It was comforting to see H. Allen Orr take on the pretentions to scientific thinking in David Brooks’ latest book, The Social Animal: The Hidden Sources of Love, Character, and Achievement. After all, in June of 2010, I had accused Brooks of being “occupied with cherry-picking take-away one-liners;” so I really did not expect that his book would offer anything of substance. Orr, on the other hand, is always informative and fun to read. I decided that, even if I had my own reasons for ignoring Brooks’ book as a waste of time, I might still find a useful take-away or two in Orr’s review.
That take-away came sooner than I anticipated. It was in the opening sentences:
Science has a lot of uses. It can uncover laws of nature, cure disease, inspire awe, make bombs, and help bridges to stand up. Indeed science is so good at what it does that there’s a perpetual temptation to drag it into problems where it may add little or even distract from the real issues.
I would like to think that this was a polite way of suggesting that Brooks would not know a real issue if it took a serious bite out of his tush; but, when one writes for The New York Review (where the quoted sentences appeared), one needs a higher standard of civility than the norms of the blogosphere.
Nevertheless, Orr wastes little time in homing in on just how misguided Brooks’ efforts in this book are. Furthermore, he makes his case with Brooks’ own words:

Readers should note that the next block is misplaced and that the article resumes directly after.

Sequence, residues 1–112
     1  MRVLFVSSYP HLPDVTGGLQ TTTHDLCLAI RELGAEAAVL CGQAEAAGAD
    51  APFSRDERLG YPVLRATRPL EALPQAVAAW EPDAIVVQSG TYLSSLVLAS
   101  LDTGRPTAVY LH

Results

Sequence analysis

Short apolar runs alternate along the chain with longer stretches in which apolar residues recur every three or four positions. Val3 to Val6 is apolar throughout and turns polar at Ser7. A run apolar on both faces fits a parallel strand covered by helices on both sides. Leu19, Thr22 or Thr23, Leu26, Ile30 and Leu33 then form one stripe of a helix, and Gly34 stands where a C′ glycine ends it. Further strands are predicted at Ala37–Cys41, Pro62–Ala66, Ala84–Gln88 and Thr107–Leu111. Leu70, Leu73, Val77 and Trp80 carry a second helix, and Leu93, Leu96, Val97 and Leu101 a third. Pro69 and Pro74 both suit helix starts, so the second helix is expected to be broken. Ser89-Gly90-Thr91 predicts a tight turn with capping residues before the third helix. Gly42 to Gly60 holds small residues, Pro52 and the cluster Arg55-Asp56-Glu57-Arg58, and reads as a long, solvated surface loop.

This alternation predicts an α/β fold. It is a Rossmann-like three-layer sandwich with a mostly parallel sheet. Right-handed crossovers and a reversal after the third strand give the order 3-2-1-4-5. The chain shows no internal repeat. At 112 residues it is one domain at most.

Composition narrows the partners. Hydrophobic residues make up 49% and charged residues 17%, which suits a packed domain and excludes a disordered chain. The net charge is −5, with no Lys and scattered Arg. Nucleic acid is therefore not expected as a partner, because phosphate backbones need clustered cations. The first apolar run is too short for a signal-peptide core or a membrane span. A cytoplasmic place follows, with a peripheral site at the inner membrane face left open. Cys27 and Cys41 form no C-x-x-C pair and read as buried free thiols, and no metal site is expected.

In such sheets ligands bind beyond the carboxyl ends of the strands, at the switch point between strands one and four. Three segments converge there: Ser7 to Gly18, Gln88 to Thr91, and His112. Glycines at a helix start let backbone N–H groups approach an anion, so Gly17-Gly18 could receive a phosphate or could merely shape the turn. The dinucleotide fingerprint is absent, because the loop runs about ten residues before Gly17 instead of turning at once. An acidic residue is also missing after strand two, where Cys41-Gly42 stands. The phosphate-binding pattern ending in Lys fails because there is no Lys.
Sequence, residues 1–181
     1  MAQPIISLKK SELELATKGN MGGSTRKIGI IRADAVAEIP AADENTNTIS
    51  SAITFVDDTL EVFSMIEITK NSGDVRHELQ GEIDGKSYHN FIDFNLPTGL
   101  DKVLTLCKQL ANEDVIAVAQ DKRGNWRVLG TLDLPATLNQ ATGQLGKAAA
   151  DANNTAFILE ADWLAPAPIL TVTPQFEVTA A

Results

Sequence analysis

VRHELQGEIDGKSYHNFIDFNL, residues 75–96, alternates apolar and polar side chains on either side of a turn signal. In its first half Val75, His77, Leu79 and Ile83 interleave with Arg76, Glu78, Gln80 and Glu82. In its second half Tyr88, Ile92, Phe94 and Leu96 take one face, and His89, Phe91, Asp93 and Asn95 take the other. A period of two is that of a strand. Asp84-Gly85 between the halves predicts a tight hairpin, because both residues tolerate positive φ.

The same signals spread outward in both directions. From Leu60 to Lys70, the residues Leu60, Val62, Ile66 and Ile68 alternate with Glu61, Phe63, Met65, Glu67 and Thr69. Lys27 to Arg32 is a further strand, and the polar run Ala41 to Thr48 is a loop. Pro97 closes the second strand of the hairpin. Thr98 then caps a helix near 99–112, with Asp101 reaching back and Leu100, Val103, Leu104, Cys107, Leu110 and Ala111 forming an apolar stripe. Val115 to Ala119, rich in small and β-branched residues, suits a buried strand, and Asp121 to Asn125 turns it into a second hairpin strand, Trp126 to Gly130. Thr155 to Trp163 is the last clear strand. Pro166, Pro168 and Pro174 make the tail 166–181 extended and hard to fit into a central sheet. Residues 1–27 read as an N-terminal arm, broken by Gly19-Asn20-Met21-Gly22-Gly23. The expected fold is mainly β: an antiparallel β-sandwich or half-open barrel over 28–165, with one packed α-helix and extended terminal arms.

The French Enlightenment, which emphasized reason, loses; the British Enlightenment, which emphasized sentiments, wins.
If this is how Brooks thinks about science, then it may be indicative of more than his own muddled perspective. Science, after all, is now about winning or losing. It is about formulating hypotheses and then testing them under controlled experimental conditions. If a hypothesis is not consistent with the experimental results, it is not a “loser.” The experiment provides new data that may inform us about the formulation of the hypothesis, the conditions of the experiment, or both.
That, of course, is “science in theory.” The practice of science is another matter; and, in the setting of how science has been practiced in this country for at least half a century, there is at least one domain in which there are winners and losers. That is the domain of competing for the necessary funds without which “science in theory” cannot be practiced. One wonders what the Enlightenment would have been like had “the republic of letters” been displaced by “the marketplace of ideas.” Can you imagine Hume and Rousseau both having to go up against a Defense Department project manager, each armed with a massive PowerPoint presentation? Rousseau would probably have retreated to writing more potboiler fiction, and Hume would probably never have left that merchant’s office in Bristol.
Come to think of it, The Social Animal happens to be structured as a fictional narrative, although I think that Orr is overly generous in comparing it to Rousseau’s Émile.